ESRT Page 5 - Tectonic Plates

The locations of plate boundaries are shown on the map above. There are 3 kinds of boundaries:
1) Divergent - Plates are moving apart.
2) Convergent - Plates are coming together.
3) Transform - Plates are sliding past one another.

Dotted lines are used to indicate boundaries that do not fall neatly into a single category.

3 kinds of plate boundaries

Convergent plates

Divergent plates

Where plates converge (red boundaries on map) one plate subducts, dives back down into the mantle, while the other, the overriding plate, moves up and over.

Look for several important features at convergent boundaries:
1) Deep sea trenches:  On the map above you will find trenches at many convergent boundaries: The Peru-Chile trench, the Mariana trench, and the Tonga trench for example.

2) Volcanoes: As the subducting plate enters the mantle it melts. The magma produced is hot and less dense than the rock above so it gradually rises and forms long arcs of volcanic mountains for hundreds of miles along coastlines. Volcanoes can be found at most convergent and divergent plate boundaries. This includes the entire perimeter of the Pacific Ocean known as the 'Ring of Fire'

3) Earthquakes: All plate boundaries are associated with earthquakes. 

Mid-Ocean Ridges: These are under-sea mountain ranges that are formed by rising magma at divergent plate boundaries. The Mid-Atlantic, East Pacific ridge, and Southeast Indian ridge are examples.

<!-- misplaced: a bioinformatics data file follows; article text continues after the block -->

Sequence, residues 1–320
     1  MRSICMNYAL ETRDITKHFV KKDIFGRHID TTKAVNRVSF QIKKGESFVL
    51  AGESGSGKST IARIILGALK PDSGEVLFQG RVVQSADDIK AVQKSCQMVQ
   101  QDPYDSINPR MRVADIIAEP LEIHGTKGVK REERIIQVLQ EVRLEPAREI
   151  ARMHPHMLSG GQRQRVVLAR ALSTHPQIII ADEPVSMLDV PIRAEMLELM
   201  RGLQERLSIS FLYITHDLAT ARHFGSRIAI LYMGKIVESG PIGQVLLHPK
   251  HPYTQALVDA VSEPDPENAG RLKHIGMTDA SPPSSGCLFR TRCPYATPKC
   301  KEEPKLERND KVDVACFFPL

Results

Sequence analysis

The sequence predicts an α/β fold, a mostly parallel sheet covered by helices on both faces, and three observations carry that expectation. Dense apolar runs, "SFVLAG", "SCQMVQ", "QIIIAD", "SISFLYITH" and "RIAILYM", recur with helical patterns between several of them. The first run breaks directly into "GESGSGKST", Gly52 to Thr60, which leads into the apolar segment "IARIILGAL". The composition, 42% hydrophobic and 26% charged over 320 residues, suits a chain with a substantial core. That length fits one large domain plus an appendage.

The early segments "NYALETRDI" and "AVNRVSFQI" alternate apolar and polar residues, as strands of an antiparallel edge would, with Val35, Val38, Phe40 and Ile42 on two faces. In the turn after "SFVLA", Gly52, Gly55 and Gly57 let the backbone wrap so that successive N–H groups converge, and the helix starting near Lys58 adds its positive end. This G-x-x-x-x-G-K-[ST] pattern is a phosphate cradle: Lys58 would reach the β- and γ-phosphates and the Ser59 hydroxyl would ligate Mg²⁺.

REMEMBER: Convergent boundaries = Trenches.
                      Divergent boundaries = Mid-Ocean Ridges

Hot spots are points on the Earth's surface located directly over plumes of magma rising from deep within the mantle. The location of the plumes does not change but over time the plates above the plumes move. A line of volcanoes is created as the plate moves over the plume. One by one volcanoes are created and then become extinct as the plate moves (see video).  Over time this process creates island chains, long lines of extinct volcanoes. Today the island of Hawaii is above a hot plume. Eventually it will  become extinct and a new Hawaiian island will form.
QUESTION: What is the location, latitude and longitude, of the Tasman hot spot? Since the Tectonic Plate map comes complete with latitudes and longitudes it can be used to locate this geologic feature. On the map in your ESRT draw the lines of latitude and longitude that intersect at the Tasman hot spot (see lines drawn on map above). The answer: 37S, 160E.

Practice Questions

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